Bas Bleu Theater Company opens 2012 season with “The Love of the Nightingale”

It’s an age-old question asked by men of all different backgrounds: what do women talk about?

Fort Collins’ Bas Bleu Theater Company looks at that question by exploring the silencing and empowerment of women through language and physicality in its new show.

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“The Love of the Nightingale,” by Timberlake Wertenbaker, is a feminist view of the Greek myth of Procne and Philomele, two sisters of Athens who have always been encouraged to speak their minds on philosophic ideas. Procne marries a king of an allied city, the citizens of which care for sport and only believe what they see.

All the women in the play experience being silenced, both through society standards and violent acts.

“I think we’ve all experienced being silenced, and the more atrocious something is, the less socially acceptable it is to bring it up; though, ironically, that’s the thing we should be talking about the most,” said Sarah Zwick-Tapley, the show’s director.

Zwick-Tapley is also an adjunct professor of theater at CSU, teaching classes on movement.

Wendy Ishii, the co-founder and artistic director of Bas Bleu, who is also an actress, plays the slave and caretaker Niobe in “The Love for the Nightingale.” Ishii also explained how she brings her own experiences to her character and the play in general.

“I was a victim of rape when I was a younger woman and I survived. For me, it brings up some memories, but it also brings up that we can empower ourselves to go on to survive to hopefully make some change,” she said. “Stories are a wonderful way to get people to, what Shakespeare said, ‘Hold the mirror up.’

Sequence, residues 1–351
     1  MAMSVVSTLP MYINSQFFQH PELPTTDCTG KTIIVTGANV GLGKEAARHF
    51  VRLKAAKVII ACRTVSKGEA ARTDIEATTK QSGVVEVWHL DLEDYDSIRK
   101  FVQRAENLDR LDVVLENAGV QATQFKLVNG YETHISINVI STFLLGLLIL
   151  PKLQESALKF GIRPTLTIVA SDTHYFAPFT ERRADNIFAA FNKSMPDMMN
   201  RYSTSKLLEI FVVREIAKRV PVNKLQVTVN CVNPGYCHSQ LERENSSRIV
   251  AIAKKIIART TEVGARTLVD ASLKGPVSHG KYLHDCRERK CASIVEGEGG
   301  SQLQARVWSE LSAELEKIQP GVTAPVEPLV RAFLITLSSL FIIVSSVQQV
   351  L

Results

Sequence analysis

“I think if you turn on the nightly news, you see the same things going on in this play happening right now in Syria, Afghanistan and even Denver where there is a huge amount of sex trafficking,” Ishii said. “It’s very contemporary in terms of abuse and the powerlessness that women are sometimes made to feel.”

Although this play brings up some controversial issues, it is important to show them through theater rather than film because it allows an immediate reaction from the audience, according to Ishii.

“The most important thing is to risk.  Playing it safe is not the role of an artist. Doing art is about exploration, and exploration means that you don’t know what the destination is,” said Zwick-Tapley.

This is the first main stage show of the season for Bas Bleu since the sentencing of former CSU student Matthew Strauch, who stole money from the theater, as well as a local charter school, in the spring of 2012.

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“We are moving forward,” said Dulcie Willis, executive director of Bas Bleu. “We were satisfied with the sentencing, but we’re not letting it affect our artwork and we’re stronger than ever.”

Strauch was sentenced to four years community corrections, and is to pay $750,000 in restitution, according to the Collegian.